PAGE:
To translate the vision of the 2013 Solemn Declaration into action, the Master Roadmap of Practical Steps to Silence the Guns by Year 2020 (AUMR) was adopted by the African Union (AU) Peace and Security Council in 2016. The AUMR was to be executed by the AU Commission in collaboration with key stakeholders, including regional economic communities; economic, social and cultural communities; organs of the AU; the United Nations (UN) and civil society organisations.
Speaking to this endeavour, the 33rd AU Ordinary Summit took stock of achievements and challenges encountered in implementing this flagship project of Silencing the Guns by 2020. It further sought to devise a more robust action plan, informed by the Monitoring and Evaluation Mechanism of the AUMR, for a peaceful and prosperous Africa. Conflicts have robbed Africa of over US$100 billion since the end of the Cold War in 1991. The continent has unfortunately witnessed some of the world’s biggest fatalities, food and humanitarian crises and the erosion of social cohesion, coupled with the total breakdown of economies and decimation of the environmental and political landscape. It is worrisome to see countries such as South Sudan, Central African Republic, Democratic Republic of the Congo, Somalia, Mali and Libya continuing to witness persistent levels of armed conflict, and the decolonisation conflict in Western Sahara is remaining unresolved for so long.
The threat posed by COVID-19 has considerably slowed the momentum of the silencing the guns agenda and has abruptly added to the existing challenges, slowing down the attainment of peace and development:
- first, the COVID-19 pandemic has revealed high levels of stigmatisation and discrimination that have manifested through the negative responses of communities when someone has tested positive;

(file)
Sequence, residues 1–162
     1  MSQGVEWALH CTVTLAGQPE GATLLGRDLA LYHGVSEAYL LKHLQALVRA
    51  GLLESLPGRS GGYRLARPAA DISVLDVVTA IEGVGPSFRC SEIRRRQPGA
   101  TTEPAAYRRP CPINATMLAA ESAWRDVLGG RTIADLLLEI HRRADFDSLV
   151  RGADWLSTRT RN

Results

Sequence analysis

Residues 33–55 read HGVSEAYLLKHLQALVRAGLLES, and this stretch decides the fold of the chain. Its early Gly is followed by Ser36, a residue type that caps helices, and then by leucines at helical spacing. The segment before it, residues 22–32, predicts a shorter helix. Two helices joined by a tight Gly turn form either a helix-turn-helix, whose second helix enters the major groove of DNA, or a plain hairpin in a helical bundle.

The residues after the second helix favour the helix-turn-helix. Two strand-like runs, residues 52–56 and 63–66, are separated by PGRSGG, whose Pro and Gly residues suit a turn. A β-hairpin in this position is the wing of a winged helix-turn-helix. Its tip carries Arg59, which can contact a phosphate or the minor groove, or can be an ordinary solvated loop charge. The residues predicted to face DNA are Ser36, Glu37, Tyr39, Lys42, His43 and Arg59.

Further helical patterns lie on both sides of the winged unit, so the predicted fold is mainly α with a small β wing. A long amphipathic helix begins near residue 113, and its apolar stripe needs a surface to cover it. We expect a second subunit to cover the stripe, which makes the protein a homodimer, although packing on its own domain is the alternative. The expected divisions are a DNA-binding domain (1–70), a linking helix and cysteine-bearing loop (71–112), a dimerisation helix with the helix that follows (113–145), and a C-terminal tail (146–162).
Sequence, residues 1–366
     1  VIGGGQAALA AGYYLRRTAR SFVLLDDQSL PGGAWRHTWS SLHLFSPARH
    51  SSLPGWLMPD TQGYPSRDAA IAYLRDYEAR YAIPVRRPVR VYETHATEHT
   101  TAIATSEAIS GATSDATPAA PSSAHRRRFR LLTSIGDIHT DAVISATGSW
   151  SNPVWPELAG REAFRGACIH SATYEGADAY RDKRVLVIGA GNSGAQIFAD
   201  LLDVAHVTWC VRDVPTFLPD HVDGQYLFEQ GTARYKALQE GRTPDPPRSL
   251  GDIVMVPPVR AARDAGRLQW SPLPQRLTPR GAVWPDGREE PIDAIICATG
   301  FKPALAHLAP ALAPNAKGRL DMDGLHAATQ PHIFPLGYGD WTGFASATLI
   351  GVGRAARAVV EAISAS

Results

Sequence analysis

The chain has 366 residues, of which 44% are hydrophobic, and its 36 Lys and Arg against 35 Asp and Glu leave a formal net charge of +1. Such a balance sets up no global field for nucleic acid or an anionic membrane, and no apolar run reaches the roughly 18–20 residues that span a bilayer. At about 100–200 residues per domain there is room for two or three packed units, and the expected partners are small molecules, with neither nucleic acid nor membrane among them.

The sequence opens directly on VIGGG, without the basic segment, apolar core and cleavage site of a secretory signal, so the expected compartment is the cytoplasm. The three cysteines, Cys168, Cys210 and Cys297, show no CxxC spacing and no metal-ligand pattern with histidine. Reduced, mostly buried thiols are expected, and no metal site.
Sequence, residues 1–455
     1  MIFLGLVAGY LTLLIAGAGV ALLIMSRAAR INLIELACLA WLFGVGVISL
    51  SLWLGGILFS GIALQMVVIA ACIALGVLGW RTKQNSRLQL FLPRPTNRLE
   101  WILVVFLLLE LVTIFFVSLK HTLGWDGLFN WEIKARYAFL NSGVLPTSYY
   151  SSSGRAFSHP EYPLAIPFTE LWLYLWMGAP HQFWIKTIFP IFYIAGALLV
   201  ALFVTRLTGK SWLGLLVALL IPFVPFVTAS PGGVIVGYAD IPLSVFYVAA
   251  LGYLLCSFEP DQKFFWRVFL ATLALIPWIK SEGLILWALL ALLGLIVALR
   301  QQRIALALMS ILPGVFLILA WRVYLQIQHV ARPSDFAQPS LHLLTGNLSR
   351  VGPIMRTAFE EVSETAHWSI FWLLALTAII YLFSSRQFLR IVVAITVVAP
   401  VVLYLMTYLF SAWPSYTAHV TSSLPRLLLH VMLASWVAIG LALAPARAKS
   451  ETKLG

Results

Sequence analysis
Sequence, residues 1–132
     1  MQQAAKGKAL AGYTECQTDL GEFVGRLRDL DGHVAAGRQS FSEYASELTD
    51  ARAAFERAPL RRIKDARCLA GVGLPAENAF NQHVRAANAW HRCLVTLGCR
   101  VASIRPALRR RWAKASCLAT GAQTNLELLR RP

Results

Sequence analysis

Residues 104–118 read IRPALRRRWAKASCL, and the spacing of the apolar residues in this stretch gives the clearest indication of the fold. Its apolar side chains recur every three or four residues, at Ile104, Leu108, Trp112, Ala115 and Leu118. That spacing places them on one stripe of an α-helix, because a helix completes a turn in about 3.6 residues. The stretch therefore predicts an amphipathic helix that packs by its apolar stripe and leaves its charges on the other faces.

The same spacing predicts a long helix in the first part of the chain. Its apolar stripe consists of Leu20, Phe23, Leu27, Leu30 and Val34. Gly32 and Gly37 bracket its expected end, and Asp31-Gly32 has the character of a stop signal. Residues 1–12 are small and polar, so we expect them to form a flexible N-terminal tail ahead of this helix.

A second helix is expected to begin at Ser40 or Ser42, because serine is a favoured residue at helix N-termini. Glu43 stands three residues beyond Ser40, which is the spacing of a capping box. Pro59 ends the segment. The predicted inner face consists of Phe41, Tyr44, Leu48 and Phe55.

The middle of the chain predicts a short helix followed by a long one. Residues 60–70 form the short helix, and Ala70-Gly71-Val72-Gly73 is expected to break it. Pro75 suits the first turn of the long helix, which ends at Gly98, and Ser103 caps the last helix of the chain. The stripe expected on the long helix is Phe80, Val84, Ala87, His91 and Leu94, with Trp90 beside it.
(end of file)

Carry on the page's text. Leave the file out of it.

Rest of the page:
- the second element is that COVID-19 has affected trust between citizens and institutions;
- third, COVID-19 has had an impact on livelihoods and economies;
- fourth, the pandemic has resulted in an increase in domestic and gender-based violence across Africa and the world;
- the fifth is that criminal-related incidents have been increasing;
- sixth is the political unrest and violence; and
- lastly are cross-border and interstate tensions.
Sadly, it is also a well-known fact that women and girls are disproportionately the most vulnerable to and affected by conflict. They are subjected to trafficking and sexual violence, mainly used as weapons of war by political militias, unidentified armed groups and, in some cases, state forces. They suffer from trauma, sexually transmitted diseases, stigmatisation and, at times, unwanted pregnancies. Young women and girls are sexually exploited in highly militarised environments with limited social support systems, compounded by patriarchy and a lack of services.